Renard smiled with cold contempt, as he answered:

When the white man dies, he thinks he is at peace; but the red men know how to torture even the ghosts of their enemies. Where is his body? Let the Hurons see his scalp.

He is not dead, but escaped.

Magua shook his head incredulously.

Is he a bird, to spread his wings; or is he a fish, to swim without air! The white chief read in his books, and he believes the Hurons are fools!

Though no fish, The Long Rifle can swim. He floated down the stream when the powder was all burned, and when the eyes of the Hurons were behind a cloud.

And why did the white chief stay? demanded the still incredulous Indian. Is he a stone that goes to the bottom, or does the scalp burn his head?

That I am not stone, your dead comrade, who fell into the falls, might answer, were the life still in him, said the provoked young man, using, in his anger, that boastful language which was most likely to excite the admiration of an Indian. The white man thinks none but cowards desert their women.

Magua muttered a few words, inaudibly, between his teeth, before he continued, aloud:

Can the Delawares swim, too, as well as crawl in the bushes? Where is Le Gros Serpent?

Duncan, who perceived by the use of these Canadian appellations, that his late companions were much better known to his enemies than to himself, answered, reluctantly: He also is gone down with the water.

Le Cerf Agile is not here?

I know not whom you call The Nimble Deer, said Duncan gladly profiting by any excuse to create delay.

Uncas, returned Magua, pronouncing the Delaware name with even greater difficulty than he spoke his English words. Bounding Elk is what the white man says, when he calls to the young Mohican.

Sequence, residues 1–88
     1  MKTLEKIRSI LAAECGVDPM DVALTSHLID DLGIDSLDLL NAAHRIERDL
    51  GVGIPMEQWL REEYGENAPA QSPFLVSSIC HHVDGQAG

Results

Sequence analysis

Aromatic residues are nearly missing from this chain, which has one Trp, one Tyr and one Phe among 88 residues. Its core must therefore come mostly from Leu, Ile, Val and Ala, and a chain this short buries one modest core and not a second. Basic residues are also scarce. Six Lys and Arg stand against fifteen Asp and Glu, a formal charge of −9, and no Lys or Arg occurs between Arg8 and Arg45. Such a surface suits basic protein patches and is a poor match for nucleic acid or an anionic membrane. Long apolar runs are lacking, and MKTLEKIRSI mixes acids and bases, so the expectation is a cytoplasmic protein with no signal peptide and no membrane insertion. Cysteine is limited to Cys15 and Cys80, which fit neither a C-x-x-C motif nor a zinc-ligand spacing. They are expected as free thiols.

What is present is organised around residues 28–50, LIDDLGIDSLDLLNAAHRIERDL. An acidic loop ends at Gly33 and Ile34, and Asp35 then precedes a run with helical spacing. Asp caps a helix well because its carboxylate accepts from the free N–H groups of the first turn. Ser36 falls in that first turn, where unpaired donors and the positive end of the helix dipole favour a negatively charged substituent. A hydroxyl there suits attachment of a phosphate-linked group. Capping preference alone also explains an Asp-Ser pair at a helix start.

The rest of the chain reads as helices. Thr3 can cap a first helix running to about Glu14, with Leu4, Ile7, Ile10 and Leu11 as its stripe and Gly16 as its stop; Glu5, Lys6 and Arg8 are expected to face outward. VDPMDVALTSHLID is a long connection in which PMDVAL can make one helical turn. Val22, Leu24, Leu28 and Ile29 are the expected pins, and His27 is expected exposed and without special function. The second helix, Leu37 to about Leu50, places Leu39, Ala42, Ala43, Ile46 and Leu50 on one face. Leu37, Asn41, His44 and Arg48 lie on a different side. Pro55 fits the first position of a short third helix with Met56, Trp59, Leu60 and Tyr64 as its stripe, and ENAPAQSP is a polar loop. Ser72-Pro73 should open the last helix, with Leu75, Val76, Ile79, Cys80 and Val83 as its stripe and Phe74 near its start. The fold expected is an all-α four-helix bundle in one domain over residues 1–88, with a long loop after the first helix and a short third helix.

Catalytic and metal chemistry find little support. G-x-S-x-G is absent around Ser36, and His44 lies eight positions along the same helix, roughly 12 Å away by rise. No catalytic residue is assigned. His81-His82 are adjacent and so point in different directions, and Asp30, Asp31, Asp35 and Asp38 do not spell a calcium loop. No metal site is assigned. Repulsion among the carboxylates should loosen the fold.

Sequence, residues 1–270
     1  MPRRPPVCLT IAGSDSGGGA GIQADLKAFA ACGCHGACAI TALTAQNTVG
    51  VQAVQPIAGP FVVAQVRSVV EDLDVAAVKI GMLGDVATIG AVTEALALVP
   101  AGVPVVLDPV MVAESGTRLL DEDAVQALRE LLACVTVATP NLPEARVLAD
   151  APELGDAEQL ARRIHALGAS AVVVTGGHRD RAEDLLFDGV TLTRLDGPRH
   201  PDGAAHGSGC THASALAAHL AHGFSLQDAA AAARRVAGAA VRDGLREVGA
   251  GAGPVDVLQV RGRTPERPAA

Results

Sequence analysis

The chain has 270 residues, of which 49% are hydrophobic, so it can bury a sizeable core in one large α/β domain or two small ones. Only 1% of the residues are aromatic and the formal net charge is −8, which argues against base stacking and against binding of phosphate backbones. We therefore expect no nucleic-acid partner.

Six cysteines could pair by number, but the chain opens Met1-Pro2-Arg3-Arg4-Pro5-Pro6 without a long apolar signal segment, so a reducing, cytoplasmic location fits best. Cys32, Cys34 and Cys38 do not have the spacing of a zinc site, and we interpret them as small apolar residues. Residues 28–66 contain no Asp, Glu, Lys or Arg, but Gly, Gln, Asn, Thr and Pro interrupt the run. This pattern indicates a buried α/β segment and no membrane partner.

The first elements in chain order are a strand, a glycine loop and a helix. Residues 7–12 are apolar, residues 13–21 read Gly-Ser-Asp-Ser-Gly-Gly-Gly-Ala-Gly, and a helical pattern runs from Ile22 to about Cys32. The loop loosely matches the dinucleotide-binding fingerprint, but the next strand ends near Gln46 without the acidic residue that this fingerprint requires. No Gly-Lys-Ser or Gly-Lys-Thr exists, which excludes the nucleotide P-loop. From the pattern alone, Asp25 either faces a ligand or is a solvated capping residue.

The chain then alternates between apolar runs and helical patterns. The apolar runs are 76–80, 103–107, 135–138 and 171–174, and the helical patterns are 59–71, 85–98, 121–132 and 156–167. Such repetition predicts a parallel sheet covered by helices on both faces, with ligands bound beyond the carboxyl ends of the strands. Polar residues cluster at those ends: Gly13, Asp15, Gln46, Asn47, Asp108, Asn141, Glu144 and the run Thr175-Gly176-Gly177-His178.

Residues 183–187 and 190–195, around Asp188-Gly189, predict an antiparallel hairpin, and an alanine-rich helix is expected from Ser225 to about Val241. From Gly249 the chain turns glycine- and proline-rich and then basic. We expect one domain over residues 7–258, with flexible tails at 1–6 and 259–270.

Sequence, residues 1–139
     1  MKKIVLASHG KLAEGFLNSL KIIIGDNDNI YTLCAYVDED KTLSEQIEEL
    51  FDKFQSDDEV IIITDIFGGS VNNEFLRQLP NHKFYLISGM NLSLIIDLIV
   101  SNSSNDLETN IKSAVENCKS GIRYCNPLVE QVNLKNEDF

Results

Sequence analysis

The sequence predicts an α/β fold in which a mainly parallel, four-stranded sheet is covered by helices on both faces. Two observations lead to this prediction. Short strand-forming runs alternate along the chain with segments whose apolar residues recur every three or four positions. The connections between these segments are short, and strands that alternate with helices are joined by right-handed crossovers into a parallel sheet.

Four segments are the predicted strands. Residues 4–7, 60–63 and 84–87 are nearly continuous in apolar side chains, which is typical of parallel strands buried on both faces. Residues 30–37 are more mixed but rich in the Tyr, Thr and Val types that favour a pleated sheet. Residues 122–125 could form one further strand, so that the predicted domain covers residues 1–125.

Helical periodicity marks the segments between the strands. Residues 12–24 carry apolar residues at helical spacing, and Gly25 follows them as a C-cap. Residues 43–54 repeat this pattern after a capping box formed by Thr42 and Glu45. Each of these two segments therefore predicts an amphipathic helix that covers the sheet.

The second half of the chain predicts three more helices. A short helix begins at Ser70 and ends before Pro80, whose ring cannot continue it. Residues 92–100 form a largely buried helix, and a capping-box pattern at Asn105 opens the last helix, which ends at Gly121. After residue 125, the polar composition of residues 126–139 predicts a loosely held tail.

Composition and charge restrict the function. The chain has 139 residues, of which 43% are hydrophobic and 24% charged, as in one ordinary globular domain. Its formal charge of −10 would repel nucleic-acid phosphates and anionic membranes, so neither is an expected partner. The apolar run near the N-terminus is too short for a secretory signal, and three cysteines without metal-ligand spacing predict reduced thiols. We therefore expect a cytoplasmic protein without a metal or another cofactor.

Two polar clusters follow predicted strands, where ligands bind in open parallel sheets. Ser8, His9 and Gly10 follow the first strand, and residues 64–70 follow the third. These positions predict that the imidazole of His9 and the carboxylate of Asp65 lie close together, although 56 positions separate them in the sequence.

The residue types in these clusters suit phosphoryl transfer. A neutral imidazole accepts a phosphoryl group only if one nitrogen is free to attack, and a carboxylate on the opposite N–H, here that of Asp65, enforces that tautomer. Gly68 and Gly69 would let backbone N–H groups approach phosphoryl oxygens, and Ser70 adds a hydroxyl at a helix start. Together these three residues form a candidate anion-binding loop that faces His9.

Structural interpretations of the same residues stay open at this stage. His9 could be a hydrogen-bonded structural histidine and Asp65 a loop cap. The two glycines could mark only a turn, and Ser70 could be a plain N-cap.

Here is some confusion in names between us, Le Renard, said Duncan, hoping to provoke a discussion. Daim is the French for deer, and cerf for stag; élan is the true term, when one would speak of an elk.

Yes, muttered the Indian, in his native tongue; the pale faces are prattling women! they have two words for each thing, while a red-skin will make the sound of his voice speak to him. Then, changing his language, he continued, adhering to the imperfect nomenclature of his provincial instructors. The deer is swift, but weak; the elk is swift, but strong; and the son of Le Serpent is Le Cerf Agile. Has he leaped the river to the woods?

If you mean the younger Delaware, he, too, has gone down with the water.

As there was nothing improbable to an Indian in the manner of the escape, Magua admitted the truth of what he had heard, with a readiness that afforded additional evidence how little he would prize such worthless captives. With his companions, however, the feeling was manifestly different.

The Hurons had awaited the result of this short dialogue with characteristic patience, and with a silence that increased until there was a general stillness in the band. When Heyward ceased to speak, they turned their eyes, as one man, on Magua, demanding, in this expressive manner, an explanation of what had been said. Their interpreter pointed to the river, and made them acquainted with the result, as much by the action as by the few words he uttered. When the fact was generally understood, the

  By PanEris using Melati.

Previous chapter/page Back Home Email this Search Discuss Bookmark Next chapter/page
Copyright: All texts on Bibliomania are © Ltd, and may not be reproduced in any form without our written permission. See our FAQ for more details.